More than 6 in 10 Americans believe the coronavirus outbreak in the United States is getting worse, a record number according to a new Gallup survey.
The findings come as parts of the U.S. are experiencing a surge in new COVID-19 cases, causing several states to put reopening plans on hold.
The U.S. on Wednesday reported more than 50,000 new cases of the virus, marking the first time single-day infections have surpassed that figure.
The Gallup survey, released on Thursday, found that 65 percent of Americans say that the coronavirus situation is getting either "a little" or "a lot" worse, marking a new high. Just 23 percent of respondents said that the situation is getting "a lot" or "a little" better.
The figure also represents a new low in Americans' feelings about the outbreak.
Gallup began surveying respondents on whether they thought the coronavirus situation was getting better or worse in early April, as states across the country began imposing stay-at-home orders as part of an effort to curb the spread of the disease.
Fifty-six percent of respondents told Gallup in its first survey including the questions that the situation was getting worse. But that figure continued to drop in the following weeks, with just 30 percent of Americans saying the coronavirus situation was getting worse in early June and 47 percent saying it was getting better.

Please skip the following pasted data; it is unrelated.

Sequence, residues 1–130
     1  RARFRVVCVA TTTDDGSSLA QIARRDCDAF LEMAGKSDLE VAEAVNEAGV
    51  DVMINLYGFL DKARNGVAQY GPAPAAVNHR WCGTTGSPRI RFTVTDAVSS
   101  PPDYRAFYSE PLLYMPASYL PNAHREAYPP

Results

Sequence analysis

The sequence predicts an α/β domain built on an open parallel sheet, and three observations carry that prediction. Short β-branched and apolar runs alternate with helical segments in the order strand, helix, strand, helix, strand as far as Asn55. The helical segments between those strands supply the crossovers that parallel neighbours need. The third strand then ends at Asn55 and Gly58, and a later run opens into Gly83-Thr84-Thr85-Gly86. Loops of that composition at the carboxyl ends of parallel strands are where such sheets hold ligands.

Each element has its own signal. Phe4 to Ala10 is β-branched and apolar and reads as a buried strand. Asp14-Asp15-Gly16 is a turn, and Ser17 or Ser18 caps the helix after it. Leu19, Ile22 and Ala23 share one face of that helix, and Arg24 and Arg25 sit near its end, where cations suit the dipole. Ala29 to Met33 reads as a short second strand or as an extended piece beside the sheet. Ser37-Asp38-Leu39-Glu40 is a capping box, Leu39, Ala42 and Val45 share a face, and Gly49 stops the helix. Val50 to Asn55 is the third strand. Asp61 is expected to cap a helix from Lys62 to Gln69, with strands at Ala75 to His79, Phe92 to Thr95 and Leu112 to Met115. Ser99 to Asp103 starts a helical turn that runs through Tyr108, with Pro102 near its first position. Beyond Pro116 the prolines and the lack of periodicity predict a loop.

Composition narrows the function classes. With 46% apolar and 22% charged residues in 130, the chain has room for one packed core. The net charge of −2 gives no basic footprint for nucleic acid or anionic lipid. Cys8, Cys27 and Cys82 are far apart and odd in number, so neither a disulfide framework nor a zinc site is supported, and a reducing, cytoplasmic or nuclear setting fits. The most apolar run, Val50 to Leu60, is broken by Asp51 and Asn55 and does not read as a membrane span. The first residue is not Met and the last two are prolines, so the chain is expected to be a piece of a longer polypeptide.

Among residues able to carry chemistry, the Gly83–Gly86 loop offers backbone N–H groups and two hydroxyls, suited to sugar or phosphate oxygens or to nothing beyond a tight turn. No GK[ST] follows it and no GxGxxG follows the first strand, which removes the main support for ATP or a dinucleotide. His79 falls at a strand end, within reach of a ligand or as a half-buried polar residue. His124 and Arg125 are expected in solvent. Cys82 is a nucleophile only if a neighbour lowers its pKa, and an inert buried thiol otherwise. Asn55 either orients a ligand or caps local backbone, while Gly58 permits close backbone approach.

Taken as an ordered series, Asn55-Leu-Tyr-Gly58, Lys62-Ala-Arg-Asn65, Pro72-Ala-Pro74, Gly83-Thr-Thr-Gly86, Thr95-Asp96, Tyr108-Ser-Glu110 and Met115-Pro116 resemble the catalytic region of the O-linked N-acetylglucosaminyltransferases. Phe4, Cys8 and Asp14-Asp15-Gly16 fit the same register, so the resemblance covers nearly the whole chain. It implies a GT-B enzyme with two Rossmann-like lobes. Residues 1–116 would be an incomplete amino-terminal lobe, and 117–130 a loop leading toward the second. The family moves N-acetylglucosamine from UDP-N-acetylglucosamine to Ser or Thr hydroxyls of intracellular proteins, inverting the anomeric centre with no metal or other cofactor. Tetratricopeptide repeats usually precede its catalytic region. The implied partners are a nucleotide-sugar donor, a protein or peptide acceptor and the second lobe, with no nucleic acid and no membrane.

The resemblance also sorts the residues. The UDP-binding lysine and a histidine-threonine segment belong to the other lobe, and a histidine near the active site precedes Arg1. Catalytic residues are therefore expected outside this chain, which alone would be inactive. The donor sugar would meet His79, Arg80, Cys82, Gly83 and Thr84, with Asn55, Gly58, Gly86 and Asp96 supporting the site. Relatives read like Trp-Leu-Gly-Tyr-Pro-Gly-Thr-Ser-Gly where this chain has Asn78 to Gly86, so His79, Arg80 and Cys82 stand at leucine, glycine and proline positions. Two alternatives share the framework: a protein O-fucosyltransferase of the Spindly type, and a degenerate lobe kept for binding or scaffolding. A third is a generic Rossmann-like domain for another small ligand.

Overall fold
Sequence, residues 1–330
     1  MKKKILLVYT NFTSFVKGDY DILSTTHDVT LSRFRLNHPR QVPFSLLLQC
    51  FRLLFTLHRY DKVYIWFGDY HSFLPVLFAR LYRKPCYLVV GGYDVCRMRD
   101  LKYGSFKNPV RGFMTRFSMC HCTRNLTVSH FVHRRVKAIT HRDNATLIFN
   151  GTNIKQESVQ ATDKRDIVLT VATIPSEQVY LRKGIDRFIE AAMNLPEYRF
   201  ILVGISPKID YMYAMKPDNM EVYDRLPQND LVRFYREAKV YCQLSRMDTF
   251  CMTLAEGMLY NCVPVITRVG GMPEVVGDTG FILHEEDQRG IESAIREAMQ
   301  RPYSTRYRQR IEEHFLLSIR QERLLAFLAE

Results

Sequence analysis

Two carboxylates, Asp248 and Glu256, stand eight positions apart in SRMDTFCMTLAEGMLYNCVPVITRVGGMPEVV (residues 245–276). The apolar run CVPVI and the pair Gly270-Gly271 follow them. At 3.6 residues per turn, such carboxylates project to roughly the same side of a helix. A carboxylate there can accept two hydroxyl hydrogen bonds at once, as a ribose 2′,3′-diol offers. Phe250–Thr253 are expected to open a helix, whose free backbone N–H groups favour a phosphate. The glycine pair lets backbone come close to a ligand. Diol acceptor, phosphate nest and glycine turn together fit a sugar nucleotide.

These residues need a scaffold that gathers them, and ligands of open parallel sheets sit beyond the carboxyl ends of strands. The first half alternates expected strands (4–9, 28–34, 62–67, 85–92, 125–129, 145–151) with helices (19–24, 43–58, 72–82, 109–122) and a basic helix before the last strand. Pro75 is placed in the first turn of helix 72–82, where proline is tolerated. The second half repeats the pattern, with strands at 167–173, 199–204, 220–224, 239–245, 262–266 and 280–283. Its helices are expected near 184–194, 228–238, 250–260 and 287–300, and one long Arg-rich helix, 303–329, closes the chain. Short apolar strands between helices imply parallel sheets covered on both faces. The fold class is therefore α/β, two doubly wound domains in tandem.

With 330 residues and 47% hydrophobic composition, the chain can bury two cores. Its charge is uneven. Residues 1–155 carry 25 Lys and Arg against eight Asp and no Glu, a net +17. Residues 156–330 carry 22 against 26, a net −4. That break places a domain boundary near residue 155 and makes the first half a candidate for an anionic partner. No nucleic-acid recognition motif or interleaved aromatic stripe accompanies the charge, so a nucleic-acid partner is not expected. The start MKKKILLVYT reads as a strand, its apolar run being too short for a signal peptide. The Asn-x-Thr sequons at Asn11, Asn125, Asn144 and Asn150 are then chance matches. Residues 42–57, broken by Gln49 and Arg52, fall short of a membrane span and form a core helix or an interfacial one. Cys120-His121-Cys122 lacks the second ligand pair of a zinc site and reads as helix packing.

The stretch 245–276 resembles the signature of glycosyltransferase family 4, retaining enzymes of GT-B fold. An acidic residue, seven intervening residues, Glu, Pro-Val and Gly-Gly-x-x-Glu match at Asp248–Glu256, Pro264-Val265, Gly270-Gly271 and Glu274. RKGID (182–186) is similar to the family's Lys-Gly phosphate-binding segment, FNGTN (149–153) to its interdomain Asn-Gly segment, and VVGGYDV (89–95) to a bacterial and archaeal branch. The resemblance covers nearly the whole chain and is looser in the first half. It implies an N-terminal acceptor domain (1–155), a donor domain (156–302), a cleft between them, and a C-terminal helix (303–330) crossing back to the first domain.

Feelings about the virus worsened in June. By June 22, 48 percent of respondents said the virus situation was getting worse. Gallup's latest survey, marking a 17-point jump from the previous week, showed that feelings about the outbreak remain split along party lines.
While 90 percent of Democrats say the situation is getting worse, just 28 percent of Republicans say the same. Meanwhile, 63 percent of independents say that the virus situation is getting worse. A majority of GOP respondents (54 percent) say the situation is getting better.
An overwhelming majority of respondents (74 percent) say they expect the outbreak to disrupt school, travel and work for the rest of the year or beyond that, marking a 10-point increase from the previous week.
As of Thursday, the U.S. had reported approximately 2.6 million total cases of COVID-19 and 128,000 deaths caused by the disease.
Anthony FauciAnthony FauciMurthy says travel restrictions are 'temporary measures' Fauci calls Ron Johnson's AIDS comment 'preposterous': 'I don't have any clue of what he's talking about' Fauci: US 'hopefully' will lift African countries travel ban in 'reasonable period of time' MORE, the nation's top infectious disease expert and a key member of the White House coronavirus task force, has warned that the U.S. could experience 100,000 new cases per day if states do not control the virus's spread.
The Gallup survey was conducted between June 22-June 28 among a random sample of 3,454 adults. The margin of error is plus or minus 3 percentage points.